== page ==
Athletics: Blake runs second fastest 200m of all time

Jamaican Yohan Blake blazed to the second fastest 200 metres of all time at the Brussels Diamond League meeting on Friday, upstaging compatriot and training partner Usain Bolt who clocked the quickest 100m of the season.

Blake, who won the world 100 title in Daegu last month after Bolt was disqualified from the final, stunned the capacity crowd by clocking 19.26, just seven-hundreds of a second behind Bolt's world record set in Berlin in 2009.

Blake, the man seen as the main challenger to Bolt's surpremacy, said he was surprised by the time.

"I knew I could do something crazy... but to be honest I was surprised when I saw the clock at the finishing line," he told reporters.

Bolt, the Olympic 100 and 200 metre champion, failed to deliver in the 100 in Daegu after leaving the blocks too early, and was far from the first to rise on Friday, needing to drive hard to push past fellow Jamaican Nesta Carter.

His time of 9.76 was two hundredths of a second quicker than the previous season best of Asafa Powell set in June.

So who is the world's fastest man now?

"Well, he is the world number one," Blake said referring to Bolt. "In the 200 metres, well, I would say, yeah, I'm number one."

Bolt, who retained his 200 world title in South Korea, was his usual confident self and said he was not worried by Blake's time.

"Listen, you need to understand, I've done great things. Yohan is coming, he is going to be a great athlete, but I'm not afraid of one athlete," he said.

"I'm still number one. He has to beat me a couple of times before I have to start getting worried. He still has a long way to go," he continued before adding that 2012 would be "an interesting season".

Double Olympic champion Kenenisa Bekele of Ethiopia, who limped out of the 10,000 metres at the world championships, ran the fastest time of the season in 26 minutes 43.16 seconds after a last lap sprint with Kenya's Lucas Kimeli Rotich, who smashed his personal best by almost 30 seconds.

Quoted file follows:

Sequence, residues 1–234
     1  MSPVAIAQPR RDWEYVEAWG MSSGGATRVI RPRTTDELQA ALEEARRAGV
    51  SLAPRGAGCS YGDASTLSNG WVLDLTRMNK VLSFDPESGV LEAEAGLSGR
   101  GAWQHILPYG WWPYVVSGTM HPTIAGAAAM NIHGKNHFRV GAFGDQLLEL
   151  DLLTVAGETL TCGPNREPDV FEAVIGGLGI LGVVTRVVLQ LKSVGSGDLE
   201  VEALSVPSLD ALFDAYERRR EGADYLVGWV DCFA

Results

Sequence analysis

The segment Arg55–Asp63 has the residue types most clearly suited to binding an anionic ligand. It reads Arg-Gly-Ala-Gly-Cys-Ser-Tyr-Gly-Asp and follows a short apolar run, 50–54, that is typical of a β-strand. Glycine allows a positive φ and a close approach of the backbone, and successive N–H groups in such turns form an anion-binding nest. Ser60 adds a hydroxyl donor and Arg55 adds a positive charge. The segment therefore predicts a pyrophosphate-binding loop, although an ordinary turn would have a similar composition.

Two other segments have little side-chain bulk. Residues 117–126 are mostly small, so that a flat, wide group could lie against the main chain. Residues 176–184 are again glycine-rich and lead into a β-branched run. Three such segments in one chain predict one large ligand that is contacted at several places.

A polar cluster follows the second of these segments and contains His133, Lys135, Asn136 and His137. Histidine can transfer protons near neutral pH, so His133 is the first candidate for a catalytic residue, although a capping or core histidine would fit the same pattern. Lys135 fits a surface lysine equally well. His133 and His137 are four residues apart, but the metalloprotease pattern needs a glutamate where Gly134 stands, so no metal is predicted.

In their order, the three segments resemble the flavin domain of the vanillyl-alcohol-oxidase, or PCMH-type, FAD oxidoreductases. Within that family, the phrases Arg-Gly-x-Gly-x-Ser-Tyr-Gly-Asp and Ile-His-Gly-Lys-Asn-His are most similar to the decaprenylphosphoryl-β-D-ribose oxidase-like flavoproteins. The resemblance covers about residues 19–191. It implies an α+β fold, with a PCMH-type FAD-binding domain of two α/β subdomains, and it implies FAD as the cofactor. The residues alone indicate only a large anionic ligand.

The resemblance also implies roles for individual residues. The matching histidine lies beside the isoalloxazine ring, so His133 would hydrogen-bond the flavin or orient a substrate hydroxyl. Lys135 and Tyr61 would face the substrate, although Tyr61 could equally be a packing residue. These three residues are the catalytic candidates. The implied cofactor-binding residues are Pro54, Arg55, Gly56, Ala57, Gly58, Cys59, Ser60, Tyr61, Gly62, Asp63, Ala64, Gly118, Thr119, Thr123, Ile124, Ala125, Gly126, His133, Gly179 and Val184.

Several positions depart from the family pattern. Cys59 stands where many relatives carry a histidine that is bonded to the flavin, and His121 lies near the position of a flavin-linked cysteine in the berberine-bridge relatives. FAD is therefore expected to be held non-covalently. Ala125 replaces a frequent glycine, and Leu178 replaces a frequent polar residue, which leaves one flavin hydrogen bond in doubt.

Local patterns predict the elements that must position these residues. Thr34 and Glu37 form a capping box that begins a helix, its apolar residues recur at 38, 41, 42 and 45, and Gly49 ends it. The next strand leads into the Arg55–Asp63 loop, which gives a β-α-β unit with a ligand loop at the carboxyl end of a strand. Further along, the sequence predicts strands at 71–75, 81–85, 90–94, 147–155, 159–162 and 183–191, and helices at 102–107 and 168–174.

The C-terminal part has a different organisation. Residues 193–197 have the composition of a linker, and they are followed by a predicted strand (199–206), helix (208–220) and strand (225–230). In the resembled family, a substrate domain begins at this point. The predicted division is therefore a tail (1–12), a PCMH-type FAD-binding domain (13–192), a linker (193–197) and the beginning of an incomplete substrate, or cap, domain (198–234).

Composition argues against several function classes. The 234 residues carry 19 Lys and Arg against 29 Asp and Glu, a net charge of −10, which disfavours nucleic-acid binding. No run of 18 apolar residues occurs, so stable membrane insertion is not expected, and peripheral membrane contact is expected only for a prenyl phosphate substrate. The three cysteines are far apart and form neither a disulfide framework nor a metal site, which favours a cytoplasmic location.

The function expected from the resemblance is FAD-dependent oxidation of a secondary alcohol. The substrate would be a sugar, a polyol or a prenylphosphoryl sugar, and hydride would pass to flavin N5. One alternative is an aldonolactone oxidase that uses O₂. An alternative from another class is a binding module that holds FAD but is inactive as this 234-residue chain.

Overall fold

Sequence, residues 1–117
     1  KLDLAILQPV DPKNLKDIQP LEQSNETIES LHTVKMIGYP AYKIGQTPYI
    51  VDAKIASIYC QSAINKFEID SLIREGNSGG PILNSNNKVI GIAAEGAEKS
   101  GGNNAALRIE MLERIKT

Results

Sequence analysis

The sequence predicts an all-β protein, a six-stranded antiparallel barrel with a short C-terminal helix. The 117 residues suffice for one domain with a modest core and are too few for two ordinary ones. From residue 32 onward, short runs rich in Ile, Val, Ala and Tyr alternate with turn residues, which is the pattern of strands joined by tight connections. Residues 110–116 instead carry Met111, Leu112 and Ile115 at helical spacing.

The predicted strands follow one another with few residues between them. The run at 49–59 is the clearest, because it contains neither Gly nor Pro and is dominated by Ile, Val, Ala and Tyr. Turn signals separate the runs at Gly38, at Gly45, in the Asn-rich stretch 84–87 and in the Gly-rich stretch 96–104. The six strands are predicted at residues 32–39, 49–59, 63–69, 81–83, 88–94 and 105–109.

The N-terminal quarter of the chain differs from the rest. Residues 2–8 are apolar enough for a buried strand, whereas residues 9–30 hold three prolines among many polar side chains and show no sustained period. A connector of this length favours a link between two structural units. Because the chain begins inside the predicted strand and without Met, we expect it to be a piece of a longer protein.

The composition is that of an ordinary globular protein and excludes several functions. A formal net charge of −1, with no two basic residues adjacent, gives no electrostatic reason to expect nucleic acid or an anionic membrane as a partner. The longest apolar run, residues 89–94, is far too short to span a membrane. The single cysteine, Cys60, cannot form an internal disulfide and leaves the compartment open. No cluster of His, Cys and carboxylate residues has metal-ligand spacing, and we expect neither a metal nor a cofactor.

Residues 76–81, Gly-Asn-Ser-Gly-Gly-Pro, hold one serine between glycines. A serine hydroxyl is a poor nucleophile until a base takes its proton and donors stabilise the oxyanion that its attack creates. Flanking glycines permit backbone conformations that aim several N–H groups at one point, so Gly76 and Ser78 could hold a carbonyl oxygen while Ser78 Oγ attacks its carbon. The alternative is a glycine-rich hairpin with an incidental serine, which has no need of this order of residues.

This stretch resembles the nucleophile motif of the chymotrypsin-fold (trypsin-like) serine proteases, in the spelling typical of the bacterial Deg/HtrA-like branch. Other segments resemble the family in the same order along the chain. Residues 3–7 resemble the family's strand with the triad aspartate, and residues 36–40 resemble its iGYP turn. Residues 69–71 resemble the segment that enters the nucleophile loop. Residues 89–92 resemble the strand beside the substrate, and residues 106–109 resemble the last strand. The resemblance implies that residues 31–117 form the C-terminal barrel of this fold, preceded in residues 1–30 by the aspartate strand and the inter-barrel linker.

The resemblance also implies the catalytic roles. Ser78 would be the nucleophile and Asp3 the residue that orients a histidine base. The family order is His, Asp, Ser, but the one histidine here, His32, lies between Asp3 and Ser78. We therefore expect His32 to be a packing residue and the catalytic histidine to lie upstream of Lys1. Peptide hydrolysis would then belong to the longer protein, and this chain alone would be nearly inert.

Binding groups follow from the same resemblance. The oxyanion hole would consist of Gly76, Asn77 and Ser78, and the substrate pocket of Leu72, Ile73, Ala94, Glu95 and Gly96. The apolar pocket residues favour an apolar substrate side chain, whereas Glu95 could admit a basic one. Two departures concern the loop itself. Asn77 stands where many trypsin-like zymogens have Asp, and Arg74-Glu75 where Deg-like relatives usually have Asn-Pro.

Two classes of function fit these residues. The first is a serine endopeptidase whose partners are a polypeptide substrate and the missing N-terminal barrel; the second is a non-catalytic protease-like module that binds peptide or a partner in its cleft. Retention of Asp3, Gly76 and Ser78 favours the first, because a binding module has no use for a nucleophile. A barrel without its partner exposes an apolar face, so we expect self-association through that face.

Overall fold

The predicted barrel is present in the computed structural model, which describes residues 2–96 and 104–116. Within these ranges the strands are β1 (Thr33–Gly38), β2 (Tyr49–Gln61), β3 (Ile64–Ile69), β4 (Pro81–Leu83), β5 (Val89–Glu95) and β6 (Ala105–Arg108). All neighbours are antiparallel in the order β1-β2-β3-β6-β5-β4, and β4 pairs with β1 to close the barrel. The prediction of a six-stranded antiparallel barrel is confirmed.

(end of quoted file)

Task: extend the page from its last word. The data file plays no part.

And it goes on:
Bekele, out with a ruptured calf muscle since the start of 2010, said he had come close to quitting a year ago, but his friends had given him the strength to carry on.

"Two years is a long time without racing, without training. I am getting back to a good level and after this I will improve, so it was perfect," he said.

For many athletes the Brussels meeting brought the season to a close, but the fast track produced a string of season and personal best performances.

In the women's 100 metres, the one-two-three was a repeat of the world championship final in Daegu last month. American Camelita Jeter proved she is this season's form sprinter with a time of 10.78, ahead of Jamaica's Veronica Campbell-Brown and Kelly-Ann Baptiste of Trinidad and Tobago.

Jeter was one of 16 athletes to win a trophy and $40,000 for being the most consistent performers over the Diamond League series.

In the 1,500 metres, American Morgan Uceny also took a trophy and cash prize after she clocked a world best for 2011 of 4:00.06.

Women's 100 metres hurdles world champion Sally Pearson of Australia had an unhappy evening, crashing out of the race while leading after hitting a hurdle and ending up lying prone on the track.

The race was won by American Danielle Carruthers. (Additional reporting by Christopher Le Coq, editing by Justin Palmer)

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